Key point: An arms embargo is preventing Iran's military from buying many modern military platforms.
Tehran is keen to produce its own jet fighters—but designing and manufacturing advanced combat jets poses formidable technological challenges difficult for an isolated industrial base to resolve on its own. Nonetheless, the Iranian air force has prominently showcased its development of several domestic fighter jets since the turn of the century, most notably the HESA Saeqeh (“Thunderbolt”), which Iranian media have claimed to be superior to the F-18 Hornet.
But performance specifications and technical details for these aircraft have remained either vague or nonexistent. This may be less due to secrecy than because additional details would likely be unimpressive, because the Saeqeh is a reverse-engineered American F-5 Freedom Fighter with a new tail and upgraded avionics.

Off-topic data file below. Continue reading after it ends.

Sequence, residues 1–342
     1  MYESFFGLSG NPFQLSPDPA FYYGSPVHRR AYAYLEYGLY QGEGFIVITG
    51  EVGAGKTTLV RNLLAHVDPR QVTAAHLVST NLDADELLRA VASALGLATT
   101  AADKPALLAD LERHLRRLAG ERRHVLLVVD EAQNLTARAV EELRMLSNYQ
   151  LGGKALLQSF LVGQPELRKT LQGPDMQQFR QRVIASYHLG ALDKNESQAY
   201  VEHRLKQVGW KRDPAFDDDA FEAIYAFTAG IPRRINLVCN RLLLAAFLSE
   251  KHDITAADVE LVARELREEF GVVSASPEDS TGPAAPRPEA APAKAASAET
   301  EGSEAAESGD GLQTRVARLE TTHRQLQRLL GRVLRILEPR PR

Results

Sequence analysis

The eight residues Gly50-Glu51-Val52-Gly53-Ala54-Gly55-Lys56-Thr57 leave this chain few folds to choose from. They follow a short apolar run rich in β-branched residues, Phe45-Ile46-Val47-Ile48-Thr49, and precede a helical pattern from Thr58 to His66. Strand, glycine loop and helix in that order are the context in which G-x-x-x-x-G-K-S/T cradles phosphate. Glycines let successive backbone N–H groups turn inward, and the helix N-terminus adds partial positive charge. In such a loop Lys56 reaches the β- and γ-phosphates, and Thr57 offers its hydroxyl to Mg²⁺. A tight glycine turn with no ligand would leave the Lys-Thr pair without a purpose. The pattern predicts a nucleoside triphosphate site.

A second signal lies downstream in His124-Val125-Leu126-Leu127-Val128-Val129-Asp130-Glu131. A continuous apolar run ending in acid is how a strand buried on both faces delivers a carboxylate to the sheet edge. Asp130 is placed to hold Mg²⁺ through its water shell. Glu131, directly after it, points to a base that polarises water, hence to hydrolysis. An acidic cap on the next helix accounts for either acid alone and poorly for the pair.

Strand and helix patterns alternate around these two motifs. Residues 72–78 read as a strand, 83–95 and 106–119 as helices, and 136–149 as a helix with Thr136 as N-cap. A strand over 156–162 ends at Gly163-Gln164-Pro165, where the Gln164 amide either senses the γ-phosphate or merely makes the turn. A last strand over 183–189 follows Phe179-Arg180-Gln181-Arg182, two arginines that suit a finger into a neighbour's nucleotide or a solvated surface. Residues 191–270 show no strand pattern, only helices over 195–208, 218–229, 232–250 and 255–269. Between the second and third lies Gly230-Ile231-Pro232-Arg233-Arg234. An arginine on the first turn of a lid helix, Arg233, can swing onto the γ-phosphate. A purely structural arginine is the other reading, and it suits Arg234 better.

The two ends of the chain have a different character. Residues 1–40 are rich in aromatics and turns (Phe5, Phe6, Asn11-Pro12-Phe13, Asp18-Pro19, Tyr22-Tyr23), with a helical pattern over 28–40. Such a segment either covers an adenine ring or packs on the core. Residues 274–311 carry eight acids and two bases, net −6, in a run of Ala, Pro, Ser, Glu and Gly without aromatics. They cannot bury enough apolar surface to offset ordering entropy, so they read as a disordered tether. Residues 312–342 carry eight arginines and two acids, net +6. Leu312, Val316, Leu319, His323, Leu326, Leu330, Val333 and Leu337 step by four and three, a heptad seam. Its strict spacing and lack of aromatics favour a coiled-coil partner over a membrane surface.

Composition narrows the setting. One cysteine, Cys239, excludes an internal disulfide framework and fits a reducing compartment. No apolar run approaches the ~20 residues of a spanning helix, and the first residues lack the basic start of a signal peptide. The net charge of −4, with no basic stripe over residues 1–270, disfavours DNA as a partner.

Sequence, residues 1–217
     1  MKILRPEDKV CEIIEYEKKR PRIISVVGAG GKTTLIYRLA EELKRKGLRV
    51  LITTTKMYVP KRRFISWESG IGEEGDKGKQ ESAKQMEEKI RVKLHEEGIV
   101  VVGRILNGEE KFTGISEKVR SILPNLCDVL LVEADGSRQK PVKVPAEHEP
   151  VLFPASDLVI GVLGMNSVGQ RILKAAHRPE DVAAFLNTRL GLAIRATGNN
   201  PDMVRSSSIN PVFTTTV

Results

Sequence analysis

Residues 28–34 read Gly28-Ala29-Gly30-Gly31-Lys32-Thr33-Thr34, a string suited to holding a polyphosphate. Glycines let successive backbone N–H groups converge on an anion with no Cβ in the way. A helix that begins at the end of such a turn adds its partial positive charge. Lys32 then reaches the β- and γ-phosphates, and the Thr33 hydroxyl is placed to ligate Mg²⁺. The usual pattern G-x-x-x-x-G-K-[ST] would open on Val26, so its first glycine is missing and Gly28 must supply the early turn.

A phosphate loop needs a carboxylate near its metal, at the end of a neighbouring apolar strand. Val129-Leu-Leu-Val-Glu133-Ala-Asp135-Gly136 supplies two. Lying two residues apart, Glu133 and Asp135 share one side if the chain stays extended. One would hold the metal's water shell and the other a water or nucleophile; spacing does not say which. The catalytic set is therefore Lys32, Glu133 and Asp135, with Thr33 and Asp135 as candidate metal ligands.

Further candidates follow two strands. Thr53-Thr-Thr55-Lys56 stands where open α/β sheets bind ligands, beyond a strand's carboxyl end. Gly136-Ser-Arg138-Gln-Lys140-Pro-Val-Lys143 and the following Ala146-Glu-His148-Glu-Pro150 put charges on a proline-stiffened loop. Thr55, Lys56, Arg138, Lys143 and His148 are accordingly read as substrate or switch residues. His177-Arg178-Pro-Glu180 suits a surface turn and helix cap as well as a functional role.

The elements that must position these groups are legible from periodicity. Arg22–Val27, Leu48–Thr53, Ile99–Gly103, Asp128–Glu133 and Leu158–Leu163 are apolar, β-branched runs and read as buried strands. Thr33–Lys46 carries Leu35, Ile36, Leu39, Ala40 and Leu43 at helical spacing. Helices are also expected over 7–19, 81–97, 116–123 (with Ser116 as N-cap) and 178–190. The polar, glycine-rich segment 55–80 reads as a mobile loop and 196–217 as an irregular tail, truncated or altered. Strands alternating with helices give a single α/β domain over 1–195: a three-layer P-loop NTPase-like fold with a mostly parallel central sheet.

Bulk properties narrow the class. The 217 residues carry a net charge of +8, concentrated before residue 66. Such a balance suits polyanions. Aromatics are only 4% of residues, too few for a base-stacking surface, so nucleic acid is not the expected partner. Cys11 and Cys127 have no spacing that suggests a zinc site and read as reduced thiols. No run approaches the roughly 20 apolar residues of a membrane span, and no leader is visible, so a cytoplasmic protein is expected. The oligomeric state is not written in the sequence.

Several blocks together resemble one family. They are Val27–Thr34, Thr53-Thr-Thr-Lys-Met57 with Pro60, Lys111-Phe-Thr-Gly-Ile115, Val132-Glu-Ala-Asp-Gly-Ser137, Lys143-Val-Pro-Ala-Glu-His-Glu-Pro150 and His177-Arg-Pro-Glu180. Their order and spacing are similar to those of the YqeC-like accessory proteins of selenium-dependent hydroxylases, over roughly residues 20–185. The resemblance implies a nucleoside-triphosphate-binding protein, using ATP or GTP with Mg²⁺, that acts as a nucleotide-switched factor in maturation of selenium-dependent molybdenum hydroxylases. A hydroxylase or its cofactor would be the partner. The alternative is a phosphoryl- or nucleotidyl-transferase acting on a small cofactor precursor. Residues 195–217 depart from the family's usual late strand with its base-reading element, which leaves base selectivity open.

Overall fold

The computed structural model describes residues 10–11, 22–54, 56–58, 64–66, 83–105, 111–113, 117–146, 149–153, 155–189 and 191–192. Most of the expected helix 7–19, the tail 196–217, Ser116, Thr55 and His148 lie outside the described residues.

The F-5 Freedom Fighter traces it lineage to a 1950s-era Northrop project that yielded the two-seat T-38 Talon trainer still serving in the U.S. Air Force today. A single-seat variant, however, evolved into the F-5, a lightweight supersonic fighter for export to less wealthy military allies of the United States. Initially priced at just $756,000 per plane (around $6 million, adjusted for inflation), the elegant little fighter could carry more than six thousand pounds of bombs on five hardpoints, as well as two Sidewinder heat-seeking air-to-air missiles on the wingtips. The later F-5E Tiger II variant added radar, lengthened the fuselage to carry additional fuel, enlarged the stubby wings for improved maneuverability and upgraded the J85 turbojets, boosting maximum speed to Mach 1.6. Freedom Fighters went on to see extensive combat over the skies of Vietnam, Ethiopia, Iran, Kuwait and Yemen—and are actively being used in ground-attack missions today by the air forces of Tunisia and Kenya.